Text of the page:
I know we live in a culture where all of that isn’t a big deal to kids who regularly watch everything from The Walking Dead to Glee. However, I wonder if even “not a big deal” scenes mean something more when a youth group puts something up on the screen.  Could a Christian movie like this (with its great message) set up kids in a negative way?

I’ve pondered that while considering if we let our high school students watch this movie:

  • Would church parents have trouble with a movie where the boy and his girlfriend are shown making out and taking the steps that lead into sex?
  • Would students become forever critical of anything goofy game we do in the future that actually has a point?
  • Would the stereotype that pastor’s kids live under only be amplified?

To top it off, the movie centers around the theme of how a teen’s suicide affects another student.

Sure, our youth groups can always watch Napoleon Dynamite, the Princess Bride or any other old standby flick. I’m wondering if those are “safer” than a Christian movie with some edge.

Is “safe” even the goal? Likewise, are we so geared up to “be real” that we don’t think about how unnecessarily raw we’re being?


How to Make Teenagers Cry

 —  November 6, 2013 — 3 Comments

youtubeTalk-show host Jimmy Kimmel has dared parents to frustrate their kids just after Halloween and capture it on video.

It’s an annual prank Kimmel has featured for the past few years as mom/dad tells their son/daughter how all the Halloween candy is gone… because the parent(s) ate it. The kid usually erupts with some sort of understandable tantrum, and the audience enjoys the gag.

Here’s one of the compilations:


Of course, this seems absurd. Why would anyone who loves their kids put them through it? It could arguably erode trust and create suspicion of anything in the future.

Then again, we do this in ministry all the time, don’t we?

  • “Hey everyone, I know we’ve always gone to _________ every year, but this year I thought we’d mix things up and do __________ instead.”
  • “Hi! I’m your new youth worker. I thought since I’m new, it was a good time to change the name of the youth group… and what we do here… and when we meet… and what you call me… and the age groups… and…”
  • “I’m kind of tired of us always singing these songs. I just got back from a conference, and we’re now going to do some different worship music…”

Ever seen this?

Ever done this?

I’m raising my hand with a tinge of guilt.

Then again… sometimes change was needed, like pruning before the fruit could bloom.

What do you think –

when is it appropriate to rock a teenager’s world over something they’ll cry about…

and when is it equal to pulling an unnecessary prank?

Youth workers, for the most part, are creatures of habit. We have a hard time admitting that, though, because we see ourselves as innovators, creatives and the ones leading the charge for change in the church. Those things may be true…but we are still, for the most part, creatures of habit. When we find something that “works”, we have a hard time letting go.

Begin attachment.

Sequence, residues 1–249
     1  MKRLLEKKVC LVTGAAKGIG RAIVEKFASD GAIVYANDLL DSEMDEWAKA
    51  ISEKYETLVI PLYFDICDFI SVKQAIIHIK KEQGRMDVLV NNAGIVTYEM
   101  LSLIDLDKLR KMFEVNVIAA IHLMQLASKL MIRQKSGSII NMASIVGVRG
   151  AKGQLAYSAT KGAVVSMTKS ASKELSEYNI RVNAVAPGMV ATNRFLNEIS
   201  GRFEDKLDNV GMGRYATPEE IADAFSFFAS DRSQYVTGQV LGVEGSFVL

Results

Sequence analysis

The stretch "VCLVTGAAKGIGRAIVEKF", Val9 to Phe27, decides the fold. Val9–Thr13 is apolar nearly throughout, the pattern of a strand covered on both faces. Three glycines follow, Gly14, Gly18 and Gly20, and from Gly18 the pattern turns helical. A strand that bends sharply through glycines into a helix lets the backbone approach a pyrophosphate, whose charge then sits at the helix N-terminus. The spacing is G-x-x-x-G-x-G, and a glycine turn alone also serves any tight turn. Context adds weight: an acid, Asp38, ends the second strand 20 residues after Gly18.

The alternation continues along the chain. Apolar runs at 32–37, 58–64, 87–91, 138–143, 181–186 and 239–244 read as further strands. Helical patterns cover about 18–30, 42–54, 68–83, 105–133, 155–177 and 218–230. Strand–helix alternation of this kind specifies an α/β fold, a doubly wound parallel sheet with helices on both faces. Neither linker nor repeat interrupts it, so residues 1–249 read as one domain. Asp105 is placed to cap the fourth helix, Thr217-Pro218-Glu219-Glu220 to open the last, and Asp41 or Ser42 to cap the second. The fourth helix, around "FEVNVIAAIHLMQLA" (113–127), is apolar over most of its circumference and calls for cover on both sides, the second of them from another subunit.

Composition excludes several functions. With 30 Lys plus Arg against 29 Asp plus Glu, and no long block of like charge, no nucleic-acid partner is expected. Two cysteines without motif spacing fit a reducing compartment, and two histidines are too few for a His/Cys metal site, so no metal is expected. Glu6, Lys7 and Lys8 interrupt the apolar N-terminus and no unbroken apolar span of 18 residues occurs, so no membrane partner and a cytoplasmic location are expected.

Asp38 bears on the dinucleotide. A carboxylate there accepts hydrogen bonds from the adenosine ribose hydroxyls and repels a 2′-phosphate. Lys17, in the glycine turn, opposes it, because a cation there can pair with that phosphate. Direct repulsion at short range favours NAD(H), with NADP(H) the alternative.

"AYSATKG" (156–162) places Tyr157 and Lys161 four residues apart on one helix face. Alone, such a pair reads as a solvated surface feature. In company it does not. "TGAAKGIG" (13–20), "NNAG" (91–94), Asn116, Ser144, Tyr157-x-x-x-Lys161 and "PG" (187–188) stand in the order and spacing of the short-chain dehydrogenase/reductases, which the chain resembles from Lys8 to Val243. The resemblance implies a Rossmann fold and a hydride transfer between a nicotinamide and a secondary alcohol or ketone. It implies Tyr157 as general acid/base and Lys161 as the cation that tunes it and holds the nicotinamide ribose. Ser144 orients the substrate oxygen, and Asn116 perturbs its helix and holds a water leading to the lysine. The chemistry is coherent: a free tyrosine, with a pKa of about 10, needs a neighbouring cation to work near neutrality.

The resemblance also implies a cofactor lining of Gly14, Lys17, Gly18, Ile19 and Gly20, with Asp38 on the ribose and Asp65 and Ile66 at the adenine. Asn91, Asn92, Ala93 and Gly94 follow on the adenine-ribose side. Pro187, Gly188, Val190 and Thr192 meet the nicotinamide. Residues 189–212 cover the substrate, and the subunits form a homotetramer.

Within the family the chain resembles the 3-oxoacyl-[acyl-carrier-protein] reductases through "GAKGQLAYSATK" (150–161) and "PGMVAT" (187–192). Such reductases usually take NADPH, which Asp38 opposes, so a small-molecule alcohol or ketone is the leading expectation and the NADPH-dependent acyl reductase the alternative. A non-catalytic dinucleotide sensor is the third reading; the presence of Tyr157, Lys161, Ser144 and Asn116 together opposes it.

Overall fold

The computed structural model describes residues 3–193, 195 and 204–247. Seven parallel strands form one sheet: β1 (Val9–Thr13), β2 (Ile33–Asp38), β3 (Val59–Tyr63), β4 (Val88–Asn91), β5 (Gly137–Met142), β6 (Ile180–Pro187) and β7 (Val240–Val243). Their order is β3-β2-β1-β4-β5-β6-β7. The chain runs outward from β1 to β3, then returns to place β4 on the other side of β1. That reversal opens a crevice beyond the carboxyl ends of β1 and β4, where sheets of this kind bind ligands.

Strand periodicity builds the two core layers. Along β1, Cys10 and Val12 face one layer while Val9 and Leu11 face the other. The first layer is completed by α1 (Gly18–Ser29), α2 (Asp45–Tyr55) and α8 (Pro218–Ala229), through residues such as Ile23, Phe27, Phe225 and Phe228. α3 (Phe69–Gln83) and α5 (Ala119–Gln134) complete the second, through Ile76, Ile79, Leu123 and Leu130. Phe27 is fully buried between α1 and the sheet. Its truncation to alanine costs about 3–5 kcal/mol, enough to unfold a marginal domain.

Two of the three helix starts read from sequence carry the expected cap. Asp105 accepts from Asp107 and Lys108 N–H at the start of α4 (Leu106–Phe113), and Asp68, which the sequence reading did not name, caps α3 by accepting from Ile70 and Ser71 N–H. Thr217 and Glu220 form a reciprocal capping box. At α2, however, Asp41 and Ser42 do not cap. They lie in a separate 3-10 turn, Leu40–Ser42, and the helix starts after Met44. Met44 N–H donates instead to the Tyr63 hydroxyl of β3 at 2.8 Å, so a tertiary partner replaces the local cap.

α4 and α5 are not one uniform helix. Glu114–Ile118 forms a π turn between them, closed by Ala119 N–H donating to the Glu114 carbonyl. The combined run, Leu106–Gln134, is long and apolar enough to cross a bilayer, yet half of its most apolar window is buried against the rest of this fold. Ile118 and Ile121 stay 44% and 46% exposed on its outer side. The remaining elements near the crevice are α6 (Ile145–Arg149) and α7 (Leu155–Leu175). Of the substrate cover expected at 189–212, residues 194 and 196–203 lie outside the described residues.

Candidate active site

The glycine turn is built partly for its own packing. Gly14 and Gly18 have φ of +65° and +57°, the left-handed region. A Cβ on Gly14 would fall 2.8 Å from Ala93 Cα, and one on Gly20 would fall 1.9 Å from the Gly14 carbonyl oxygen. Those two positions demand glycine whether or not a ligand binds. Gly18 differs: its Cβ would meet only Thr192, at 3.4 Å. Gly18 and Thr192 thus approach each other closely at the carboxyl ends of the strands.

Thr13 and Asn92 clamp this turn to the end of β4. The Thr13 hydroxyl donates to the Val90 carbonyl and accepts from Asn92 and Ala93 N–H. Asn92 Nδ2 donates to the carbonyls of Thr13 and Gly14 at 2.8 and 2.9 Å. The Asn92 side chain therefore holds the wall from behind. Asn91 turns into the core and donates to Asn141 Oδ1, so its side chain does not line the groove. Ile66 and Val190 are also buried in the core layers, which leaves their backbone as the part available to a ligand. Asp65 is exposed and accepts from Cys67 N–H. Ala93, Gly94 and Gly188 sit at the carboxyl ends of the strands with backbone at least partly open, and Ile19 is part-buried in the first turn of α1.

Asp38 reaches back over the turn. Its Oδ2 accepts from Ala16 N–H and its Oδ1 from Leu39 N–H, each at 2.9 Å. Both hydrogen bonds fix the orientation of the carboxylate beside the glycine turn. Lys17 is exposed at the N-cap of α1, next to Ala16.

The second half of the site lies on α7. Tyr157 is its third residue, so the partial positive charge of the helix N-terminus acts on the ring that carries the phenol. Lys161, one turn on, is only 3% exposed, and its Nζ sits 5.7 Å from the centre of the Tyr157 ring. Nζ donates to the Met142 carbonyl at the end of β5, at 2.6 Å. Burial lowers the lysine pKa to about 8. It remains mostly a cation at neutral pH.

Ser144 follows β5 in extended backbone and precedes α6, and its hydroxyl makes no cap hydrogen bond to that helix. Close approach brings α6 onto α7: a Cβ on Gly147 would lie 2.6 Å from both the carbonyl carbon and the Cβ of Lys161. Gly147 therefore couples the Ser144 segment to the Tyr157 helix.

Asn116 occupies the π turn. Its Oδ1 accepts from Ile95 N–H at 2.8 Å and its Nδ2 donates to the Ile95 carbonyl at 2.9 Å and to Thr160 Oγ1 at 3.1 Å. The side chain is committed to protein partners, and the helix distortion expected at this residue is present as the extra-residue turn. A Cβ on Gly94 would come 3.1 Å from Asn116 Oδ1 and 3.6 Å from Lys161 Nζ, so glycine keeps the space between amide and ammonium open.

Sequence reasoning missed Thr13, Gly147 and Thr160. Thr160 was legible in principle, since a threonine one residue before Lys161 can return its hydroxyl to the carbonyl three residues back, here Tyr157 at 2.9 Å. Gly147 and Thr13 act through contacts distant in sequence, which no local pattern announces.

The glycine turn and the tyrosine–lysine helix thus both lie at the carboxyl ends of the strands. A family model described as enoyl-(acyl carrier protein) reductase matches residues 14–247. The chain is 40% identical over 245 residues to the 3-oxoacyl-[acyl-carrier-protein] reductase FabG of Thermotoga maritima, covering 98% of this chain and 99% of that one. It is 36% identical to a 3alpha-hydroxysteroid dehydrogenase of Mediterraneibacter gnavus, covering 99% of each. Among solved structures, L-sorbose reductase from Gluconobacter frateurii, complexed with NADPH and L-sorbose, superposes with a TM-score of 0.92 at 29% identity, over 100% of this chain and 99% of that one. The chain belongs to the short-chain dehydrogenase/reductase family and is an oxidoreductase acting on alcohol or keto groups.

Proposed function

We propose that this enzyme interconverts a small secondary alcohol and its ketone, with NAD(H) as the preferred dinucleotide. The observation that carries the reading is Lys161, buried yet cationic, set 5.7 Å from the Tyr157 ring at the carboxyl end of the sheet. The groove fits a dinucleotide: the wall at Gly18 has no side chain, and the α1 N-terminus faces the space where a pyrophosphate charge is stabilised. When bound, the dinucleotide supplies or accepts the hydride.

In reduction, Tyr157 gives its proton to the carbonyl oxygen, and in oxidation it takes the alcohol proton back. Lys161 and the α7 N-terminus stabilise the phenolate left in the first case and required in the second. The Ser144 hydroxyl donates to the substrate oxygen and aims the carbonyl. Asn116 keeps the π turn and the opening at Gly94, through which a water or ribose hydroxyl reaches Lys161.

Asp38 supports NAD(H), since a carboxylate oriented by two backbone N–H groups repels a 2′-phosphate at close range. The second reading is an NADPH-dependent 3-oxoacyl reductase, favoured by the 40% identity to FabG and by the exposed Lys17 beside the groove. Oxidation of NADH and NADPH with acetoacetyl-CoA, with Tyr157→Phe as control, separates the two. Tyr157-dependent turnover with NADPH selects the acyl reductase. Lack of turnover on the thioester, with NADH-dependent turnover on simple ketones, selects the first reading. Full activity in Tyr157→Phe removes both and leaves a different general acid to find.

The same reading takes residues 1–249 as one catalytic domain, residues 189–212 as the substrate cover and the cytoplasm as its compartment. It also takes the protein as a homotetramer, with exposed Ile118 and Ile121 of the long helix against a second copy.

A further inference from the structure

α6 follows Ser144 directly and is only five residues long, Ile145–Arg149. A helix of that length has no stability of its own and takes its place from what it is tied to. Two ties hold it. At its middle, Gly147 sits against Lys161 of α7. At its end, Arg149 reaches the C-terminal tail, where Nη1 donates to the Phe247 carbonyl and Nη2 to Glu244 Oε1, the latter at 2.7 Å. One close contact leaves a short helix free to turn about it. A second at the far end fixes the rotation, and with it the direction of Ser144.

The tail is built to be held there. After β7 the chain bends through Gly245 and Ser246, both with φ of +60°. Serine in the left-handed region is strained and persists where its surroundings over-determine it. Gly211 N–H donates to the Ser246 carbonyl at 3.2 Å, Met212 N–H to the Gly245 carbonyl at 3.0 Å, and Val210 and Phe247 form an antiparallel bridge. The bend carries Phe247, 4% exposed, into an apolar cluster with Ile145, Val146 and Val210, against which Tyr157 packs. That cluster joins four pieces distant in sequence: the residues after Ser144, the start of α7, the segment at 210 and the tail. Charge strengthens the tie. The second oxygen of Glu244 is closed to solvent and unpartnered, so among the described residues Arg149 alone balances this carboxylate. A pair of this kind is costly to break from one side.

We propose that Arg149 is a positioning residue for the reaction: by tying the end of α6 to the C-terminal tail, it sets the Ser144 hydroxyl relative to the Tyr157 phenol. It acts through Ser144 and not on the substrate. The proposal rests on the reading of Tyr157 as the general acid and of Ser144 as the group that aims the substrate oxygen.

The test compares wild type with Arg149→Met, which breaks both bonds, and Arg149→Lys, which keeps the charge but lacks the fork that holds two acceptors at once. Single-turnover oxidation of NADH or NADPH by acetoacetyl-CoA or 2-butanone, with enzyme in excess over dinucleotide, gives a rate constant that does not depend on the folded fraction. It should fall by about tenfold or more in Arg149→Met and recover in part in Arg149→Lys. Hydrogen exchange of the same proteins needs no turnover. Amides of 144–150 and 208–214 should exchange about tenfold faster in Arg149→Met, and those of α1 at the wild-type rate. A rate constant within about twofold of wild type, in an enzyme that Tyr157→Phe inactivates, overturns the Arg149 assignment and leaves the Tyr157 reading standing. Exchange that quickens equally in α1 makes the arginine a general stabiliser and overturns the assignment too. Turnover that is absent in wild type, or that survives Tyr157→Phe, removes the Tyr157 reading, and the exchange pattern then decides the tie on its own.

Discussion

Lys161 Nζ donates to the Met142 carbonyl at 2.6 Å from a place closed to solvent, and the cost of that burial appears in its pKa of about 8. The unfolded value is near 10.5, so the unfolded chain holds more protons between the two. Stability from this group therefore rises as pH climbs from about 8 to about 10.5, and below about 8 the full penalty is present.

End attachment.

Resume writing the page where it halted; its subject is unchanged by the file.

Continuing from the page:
One case in point for our junior high and high school ministries: Outreach Events.

Our primary tool for evangelism and outreach has never been events; it’s been students being salt and light and eventually inviting their friends to church. But to assist that process we have always hosted one or two big outreach events each year, on Friday night. And we’ve done it this way for a long, long time because it has worked. Of course, “worked” depends on your definition. The big Friday night events worked in so much as they attracted tons of students, but very few of those students ever came back to church the following weekend (we have our primary youth meetings on Saturday nights and Sunday mornings). And by very few, I mean VERY few!

So this year we are trying something different (I wish I could say it was my idea): We are attaching all of our big outreach events to the Saturday night service instead of putting them on a separate night. The idea is that our students will invite a friend to church, then they will stick around for the activity. Pretty basic stuff, folks!

We’ve done this once or twice now, and here is what we’ve already discovered:
* Less first-time students show up to the event.
* But WAY more first-time students attend church as a result (actually, they attend church as a PREsult because church happens first).
* Families and students appreciate that it’s not another night out.
* The event can be “smaller” because it’s not a stand alone thing….expectations are less.
* We can do a few more of them a year because they are smaller and less elaborate.
* It makes for a really easy church invite. “Wanna come to church with me? And afterwards there’s gonna be a massive dodge-ball tournament!”

Revolutionary? no. Cutting Edge? Not even close. Worthy of a blog post? Barely. Effective for us? Totally!

So here’s a question that I’d love the readers to share with the rest of us: What is an “Easy Button” moment you’ve recently had…a simple change in some aspect of your ministry that yielded significant results?